The Victor-Victrola Page
Timeline of the Victor Phonograph Company
The following timeline shows key events during the era of the Victor Talking Machine Company (1900-1929) along with notable historical facts and world events. Events relating to Victor are shown in red.
Eldridge Johnson purchases the Berliner Gramophone Company after Emile Berliner loses a legal battle over rights to manufacture flat-disc Gramophones. Johnson forms the Consolidated Talking Machine Company
William McKinley is President of the United States; US population is 76,000,000
Puerto Rico and Hawaii added as US Territories
Ransom Olds forms Oldsmobile Motor Company
Carrie Nation leads national fight over consumption of alcoholic beverages
1,500,000 telephones in use in the United States
Johnson reorganizes Consolidated Talking Machine and calls the new venture The Victor Talking Machine Company
Victor $3, Type A, Type B, Type C, Monarch and Monarch Deluxe models introduced. The $3 machine would be equivalent to $90.00 today. The Monarch Deluxe ($60) would sell for $1800.00 in today's economy.
Victor sells 7,570 phonographs during the year
President McKinley assassinated on Sept 14; Theodore Roosevelt sworn in as President
J.P Morgan founds US Steel Corporation
Victor introduces the "Rigid Arm" tone arm concept, which allows the arm to pivot independently from the horn
Victor Monarch Jr., Monarch Special, Type P, Royal, Victor II, Victor III and Victor IV models introduced.
Philippines are declared US Territory
Practical air conditioning system invented and demonstrated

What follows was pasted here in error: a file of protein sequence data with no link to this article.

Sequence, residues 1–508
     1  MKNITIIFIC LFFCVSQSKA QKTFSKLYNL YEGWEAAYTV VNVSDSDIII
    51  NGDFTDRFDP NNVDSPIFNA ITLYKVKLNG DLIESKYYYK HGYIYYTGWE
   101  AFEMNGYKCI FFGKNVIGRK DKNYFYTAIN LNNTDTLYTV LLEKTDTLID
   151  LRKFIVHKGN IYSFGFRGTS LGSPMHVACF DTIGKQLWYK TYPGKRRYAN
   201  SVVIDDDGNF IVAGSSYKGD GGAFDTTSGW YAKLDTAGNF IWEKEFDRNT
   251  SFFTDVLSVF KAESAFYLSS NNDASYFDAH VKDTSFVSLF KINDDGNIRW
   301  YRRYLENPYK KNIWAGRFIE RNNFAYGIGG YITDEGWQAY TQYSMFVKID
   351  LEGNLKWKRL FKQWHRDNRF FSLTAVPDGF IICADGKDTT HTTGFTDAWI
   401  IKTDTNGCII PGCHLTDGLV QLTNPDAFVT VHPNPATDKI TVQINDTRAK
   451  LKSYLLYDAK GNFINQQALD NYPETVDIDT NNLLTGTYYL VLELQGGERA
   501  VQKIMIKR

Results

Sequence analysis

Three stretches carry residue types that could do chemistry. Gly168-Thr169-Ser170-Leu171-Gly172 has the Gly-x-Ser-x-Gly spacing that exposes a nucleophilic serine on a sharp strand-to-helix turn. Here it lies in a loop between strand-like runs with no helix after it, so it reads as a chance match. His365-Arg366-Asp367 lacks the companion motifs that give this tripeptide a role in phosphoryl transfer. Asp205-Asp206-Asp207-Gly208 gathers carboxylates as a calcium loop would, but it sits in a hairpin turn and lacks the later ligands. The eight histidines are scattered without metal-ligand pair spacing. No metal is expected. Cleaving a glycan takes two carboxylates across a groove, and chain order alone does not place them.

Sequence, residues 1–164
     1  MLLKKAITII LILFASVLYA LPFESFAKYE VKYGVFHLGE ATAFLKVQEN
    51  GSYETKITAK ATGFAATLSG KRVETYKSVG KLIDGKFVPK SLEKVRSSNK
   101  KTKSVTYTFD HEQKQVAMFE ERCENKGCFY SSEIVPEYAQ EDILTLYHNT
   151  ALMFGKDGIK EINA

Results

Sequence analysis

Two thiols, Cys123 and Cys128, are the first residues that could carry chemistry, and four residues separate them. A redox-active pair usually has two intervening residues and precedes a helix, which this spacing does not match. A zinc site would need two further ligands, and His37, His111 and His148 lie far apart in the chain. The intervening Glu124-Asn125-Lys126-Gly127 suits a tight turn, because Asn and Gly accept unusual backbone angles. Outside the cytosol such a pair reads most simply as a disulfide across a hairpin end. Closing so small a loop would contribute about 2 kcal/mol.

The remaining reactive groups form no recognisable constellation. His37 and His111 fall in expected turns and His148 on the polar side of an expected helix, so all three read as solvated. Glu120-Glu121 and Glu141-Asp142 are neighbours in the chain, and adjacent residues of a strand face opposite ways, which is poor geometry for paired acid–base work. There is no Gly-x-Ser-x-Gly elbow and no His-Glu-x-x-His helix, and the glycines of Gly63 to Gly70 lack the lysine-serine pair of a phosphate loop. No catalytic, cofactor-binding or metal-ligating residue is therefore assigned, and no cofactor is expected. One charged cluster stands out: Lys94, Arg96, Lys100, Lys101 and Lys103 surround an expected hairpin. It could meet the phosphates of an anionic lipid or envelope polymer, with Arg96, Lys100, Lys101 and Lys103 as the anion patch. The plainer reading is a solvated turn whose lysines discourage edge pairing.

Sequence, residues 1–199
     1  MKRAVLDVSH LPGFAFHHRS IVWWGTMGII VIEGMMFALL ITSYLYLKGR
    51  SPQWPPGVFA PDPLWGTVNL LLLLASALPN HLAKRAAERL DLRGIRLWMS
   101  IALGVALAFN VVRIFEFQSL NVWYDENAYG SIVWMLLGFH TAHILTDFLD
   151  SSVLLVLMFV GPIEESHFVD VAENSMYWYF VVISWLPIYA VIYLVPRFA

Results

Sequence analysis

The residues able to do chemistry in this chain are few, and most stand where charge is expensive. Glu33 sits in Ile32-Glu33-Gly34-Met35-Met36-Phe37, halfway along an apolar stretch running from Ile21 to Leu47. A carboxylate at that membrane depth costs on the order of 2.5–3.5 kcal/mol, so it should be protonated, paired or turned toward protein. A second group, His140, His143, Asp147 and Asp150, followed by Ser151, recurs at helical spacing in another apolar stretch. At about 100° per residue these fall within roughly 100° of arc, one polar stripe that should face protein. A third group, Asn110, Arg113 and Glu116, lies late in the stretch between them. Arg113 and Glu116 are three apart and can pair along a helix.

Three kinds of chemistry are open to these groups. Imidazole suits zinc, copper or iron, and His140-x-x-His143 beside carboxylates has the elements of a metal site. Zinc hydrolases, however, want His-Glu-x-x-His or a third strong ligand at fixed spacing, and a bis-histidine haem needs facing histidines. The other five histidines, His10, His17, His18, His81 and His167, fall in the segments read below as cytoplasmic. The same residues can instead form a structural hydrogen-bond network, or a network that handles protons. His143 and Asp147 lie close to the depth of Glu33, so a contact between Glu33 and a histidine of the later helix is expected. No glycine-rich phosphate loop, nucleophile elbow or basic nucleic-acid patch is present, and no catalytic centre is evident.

Flatiron Building in New York is the first skyscraper
Victor introduces Type D, Type Z, Victor I models
Initial sketches of an internal horn phonograph design appear at Victor Research. This concept would eventually lead to production of the Victrola
Wright Brothers flight at Kitty Hawk
The Great Train Robbery is released as the first feature film
Ford Motor Company founded
First World Series baseball game held.
Victor introduces the deluxe gold-trimmed Victor VI model, selling for $100 ($2900 in today's money)
Tapering tone arm debuts on certain models
Work begins on Panama Canal
New York opens first subway train
Louisiana Purchase Exhibition held, first "Worlds Fair"
Roosevelt re-elected as President
Victor sells 65,591 phonographs during the year
Russian Revolution begins
Einstein proposes Theory of Relativity
Many external horn phonograph models undergo cabinet redesign
The pneumatic-powered Victor Auxetophone introduced in May. Selling for $500, this is equivalent to $14,000 today.
The first internal horn phonograph, the Victrola, is introduced in August. Selling for $200, this equates to $5,700 today. Even at this price, the Victrola is an instant success, selling well over 500 machines by year's end. The large upright cabinet is made by the Pooley Furniture Company of Philadelphia. It is denoted as the "VTLA"
San Francisco earthquake (April 18)
Congress passes the Pure Food and Drug Act
Victor begins transitioning manufacture of large VTLA cabinets to its Camden plant, and begins using a "VV-XVI " (Victrola the Sixteenth) designation for the internal-horn model on Victrola advertisements.
The "domed-lid" is introduced on the Victrola during mid year, which allows raising the turntable and controls to a more convenient position.
Oklahoma admitted to the Union
Stock Market panic and economic downturn begins on Mar 13. This results in a gradual economic slowdown (recession) that runs through 1911.
Victor introduces the Type O (zero) external horn phonograph
Victor introduces the super deluxe Victrola XX model with gold trim. Selling for $300 ($8,300 in today's money), it is discontinued within a year.
Victor sells a record 107,000 phonographs during the year. This sales volume would not be achieved again for 3 years due to an ongoing financial recession
Ford introduces the Model T, selling for $550 ($9,800 in today's money).
Roosevelt refuses to run for another term, William H. Taft elected US President
Victor introduces the first tabletop internal horn phonograph, the Victrola XII. Selling for $125.00 ($3,500 in today's money), it fails to sell and is discontinued in 1910.
Victor introduces the economy Monarch Jr. external horn phonograph, priced at $10.00 ($280 in today's money).